- There should be a variety of shapes. While this took the form of using literally different molds in chocolate making, the cookie combo process means making decisions about how many classic circular cookies, oblong biscotti, bulging filled pastries, or square bars I include. The answer is ideally no more than one of any type.
- There should be at least two different treats. Four is the goal, but my devotion to the rule of threes typically wins out. And each type of treat should be represented at least twice in each box or bag.
All of these factors are held in a delicate balance. I may be all eager to make a batch of jam-filled thumbprints that would add a nice dose of fruit to a chocolate and caramel-leaning affair, but be arrested by remembering the poor travel quality of the delicately cupped jelly, and the double down on the oat coating as it clashes with some oatmeal scotchies. Or I could be considering a walnut and chocolate chip biscotti when I remember I’ve already worked in a fig and walnut filled shortbread. Then, do I alter the shortbread or do a different biscotti? What would be the best combo for the intended receiver and their family?
A mocha hazelnut biscotti dipped in chocolate and more hazelnuts, packing a delicious punch
With the feeling of a gradually speeding up treadmill ever increasing as Thanksgiving approached this year, my cookie making day had me troubleshooting my content as I went given available ingredients and available time. This had me transgressing slightly on my flavor variety tenet in the end, as the initially planned pistachio biscotti turned into a mocha hazelnut (due to a dearth of pistachios in the stores) which had similar notes to the German chocolate cake cookies that were already good to go. But with different nuts and the deep coffee flavor in the biscotti giving it a distinct feeling from the caramel and coconut strewn cookies I didn’t feel too bad about the chocolate double-down. They were also rounded out by some shortbread of both the vanilla and chai spiced variety – a favorite of last year brought back by popular demand. And, after dipping some of the biscotti in melted chocolate and coating with crushed hazelnuts for a finishing touch, I used what melted chocolate was left to coat some graham crackers, harkening back to the chocolate-work focused days of old.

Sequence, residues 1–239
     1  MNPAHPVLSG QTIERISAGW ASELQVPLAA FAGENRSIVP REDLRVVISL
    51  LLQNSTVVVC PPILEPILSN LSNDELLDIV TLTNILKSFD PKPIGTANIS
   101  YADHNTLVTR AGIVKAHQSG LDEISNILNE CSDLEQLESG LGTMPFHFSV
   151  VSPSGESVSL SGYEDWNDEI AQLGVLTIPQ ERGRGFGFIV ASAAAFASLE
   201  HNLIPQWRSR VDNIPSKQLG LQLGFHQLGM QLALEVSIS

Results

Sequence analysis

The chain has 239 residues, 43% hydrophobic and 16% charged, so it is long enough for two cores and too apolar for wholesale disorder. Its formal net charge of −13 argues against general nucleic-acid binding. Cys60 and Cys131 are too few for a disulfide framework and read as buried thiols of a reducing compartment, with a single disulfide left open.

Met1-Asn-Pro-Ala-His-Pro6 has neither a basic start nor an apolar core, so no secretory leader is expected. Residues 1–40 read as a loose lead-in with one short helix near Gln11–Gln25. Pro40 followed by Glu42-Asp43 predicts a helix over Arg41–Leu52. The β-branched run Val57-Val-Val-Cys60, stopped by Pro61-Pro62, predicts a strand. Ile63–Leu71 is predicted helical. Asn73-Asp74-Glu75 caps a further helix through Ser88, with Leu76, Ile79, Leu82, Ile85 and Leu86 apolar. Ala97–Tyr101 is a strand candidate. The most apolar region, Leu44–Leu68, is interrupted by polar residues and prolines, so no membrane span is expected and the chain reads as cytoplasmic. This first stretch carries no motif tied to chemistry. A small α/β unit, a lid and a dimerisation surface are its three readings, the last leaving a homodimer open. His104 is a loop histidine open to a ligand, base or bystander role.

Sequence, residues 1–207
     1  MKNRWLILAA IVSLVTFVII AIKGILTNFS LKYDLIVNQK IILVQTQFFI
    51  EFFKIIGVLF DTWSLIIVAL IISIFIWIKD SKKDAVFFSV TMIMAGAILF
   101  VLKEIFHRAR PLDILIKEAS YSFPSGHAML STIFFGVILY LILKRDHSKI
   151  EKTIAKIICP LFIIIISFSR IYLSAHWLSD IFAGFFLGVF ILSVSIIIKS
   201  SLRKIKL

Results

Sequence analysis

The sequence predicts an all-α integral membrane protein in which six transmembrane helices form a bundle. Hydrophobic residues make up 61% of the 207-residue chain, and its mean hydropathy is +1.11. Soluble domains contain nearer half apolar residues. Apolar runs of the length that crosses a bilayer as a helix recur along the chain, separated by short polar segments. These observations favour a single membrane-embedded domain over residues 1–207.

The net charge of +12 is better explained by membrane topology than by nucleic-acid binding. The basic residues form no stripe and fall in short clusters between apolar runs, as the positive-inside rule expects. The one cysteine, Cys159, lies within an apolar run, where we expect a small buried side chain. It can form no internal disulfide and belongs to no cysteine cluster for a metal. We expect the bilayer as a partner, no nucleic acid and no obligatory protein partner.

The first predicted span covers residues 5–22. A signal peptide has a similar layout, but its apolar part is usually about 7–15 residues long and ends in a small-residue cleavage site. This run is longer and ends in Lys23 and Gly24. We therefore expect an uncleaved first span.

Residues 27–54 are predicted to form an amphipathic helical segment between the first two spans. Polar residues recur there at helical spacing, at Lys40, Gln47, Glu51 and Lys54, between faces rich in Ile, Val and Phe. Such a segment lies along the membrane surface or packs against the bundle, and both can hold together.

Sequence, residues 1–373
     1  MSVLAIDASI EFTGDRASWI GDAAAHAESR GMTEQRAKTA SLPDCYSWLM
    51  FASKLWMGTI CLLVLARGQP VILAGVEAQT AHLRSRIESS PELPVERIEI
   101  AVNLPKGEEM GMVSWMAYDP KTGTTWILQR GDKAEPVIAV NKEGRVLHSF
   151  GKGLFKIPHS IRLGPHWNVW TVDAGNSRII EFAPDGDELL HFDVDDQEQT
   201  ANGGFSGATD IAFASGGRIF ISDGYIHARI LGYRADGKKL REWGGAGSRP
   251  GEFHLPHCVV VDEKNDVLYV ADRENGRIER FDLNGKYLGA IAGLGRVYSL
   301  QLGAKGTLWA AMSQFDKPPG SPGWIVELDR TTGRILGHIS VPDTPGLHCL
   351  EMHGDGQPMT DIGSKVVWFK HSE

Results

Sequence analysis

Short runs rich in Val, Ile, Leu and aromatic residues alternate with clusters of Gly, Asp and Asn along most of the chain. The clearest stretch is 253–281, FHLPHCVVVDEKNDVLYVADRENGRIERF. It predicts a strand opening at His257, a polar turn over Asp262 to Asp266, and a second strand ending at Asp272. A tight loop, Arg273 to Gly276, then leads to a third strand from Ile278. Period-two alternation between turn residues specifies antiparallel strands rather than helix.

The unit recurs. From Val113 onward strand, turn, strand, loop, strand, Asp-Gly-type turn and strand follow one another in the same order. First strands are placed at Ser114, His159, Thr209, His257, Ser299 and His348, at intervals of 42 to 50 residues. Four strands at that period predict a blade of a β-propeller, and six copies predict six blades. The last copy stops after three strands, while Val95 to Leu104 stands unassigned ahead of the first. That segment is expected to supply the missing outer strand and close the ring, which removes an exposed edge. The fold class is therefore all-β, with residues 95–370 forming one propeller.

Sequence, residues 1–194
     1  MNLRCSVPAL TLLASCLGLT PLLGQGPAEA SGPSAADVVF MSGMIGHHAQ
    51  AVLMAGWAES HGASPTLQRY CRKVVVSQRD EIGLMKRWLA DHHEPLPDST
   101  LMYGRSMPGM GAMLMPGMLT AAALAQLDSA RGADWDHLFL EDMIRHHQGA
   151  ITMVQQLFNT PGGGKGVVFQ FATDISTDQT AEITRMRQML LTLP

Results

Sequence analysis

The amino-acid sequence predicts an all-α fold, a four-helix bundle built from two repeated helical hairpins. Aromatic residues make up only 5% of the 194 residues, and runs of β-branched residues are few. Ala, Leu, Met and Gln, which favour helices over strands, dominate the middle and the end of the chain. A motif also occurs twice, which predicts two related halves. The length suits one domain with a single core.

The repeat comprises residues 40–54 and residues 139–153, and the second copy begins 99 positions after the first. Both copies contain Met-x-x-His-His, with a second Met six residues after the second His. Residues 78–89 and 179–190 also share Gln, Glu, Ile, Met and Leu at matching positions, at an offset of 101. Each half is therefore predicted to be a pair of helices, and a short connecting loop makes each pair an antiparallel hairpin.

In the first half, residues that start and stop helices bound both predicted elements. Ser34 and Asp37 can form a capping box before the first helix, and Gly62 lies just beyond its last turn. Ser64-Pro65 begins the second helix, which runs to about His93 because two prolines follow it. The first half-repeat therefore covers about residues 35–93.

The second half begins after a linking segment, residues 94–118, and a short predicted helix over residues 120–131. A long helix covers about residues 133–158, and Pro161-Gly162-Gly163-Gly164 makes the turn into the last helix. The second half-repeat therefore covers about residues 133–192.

That was the first round – pounded out over two days to get the necessary packages out in more than enough time for Christmas – but there is still plenty of goodie boxes to parse out. Last weekend saw a hasty platter of rye ginger cookies and peppermint brownie cookies for a small impromptu get together. There’ll be some mini sticky gingerbread loaves as well as a couple of regular ol’ sourdoughs and perhaps a first shot at a chocolate babka, some fig and pistachio ma’amoul, Russian tea cookies, gingerbread, and maybe even some classic iced sugar cookies if time is kind to me. Peppermint bark to top it all off? I just might! Or maybe I’ll get taken into a different direction in a burst of hyper-fixated inspiration, and the delicate balance will have to be sought again. But as it is every year, that’s part of the act of love in goodie box gifting. The desire to create something sufficiently beautiful and satisfying in the ways another might appreciate, and through that feel thought of and cared for. So, should I find a more suitable path for gifting sugar and spice to please those around me, I’ll happily wander down!
Peppermint brownie cookies serving deep chocolate with just a small hit of seasonally appropriate mint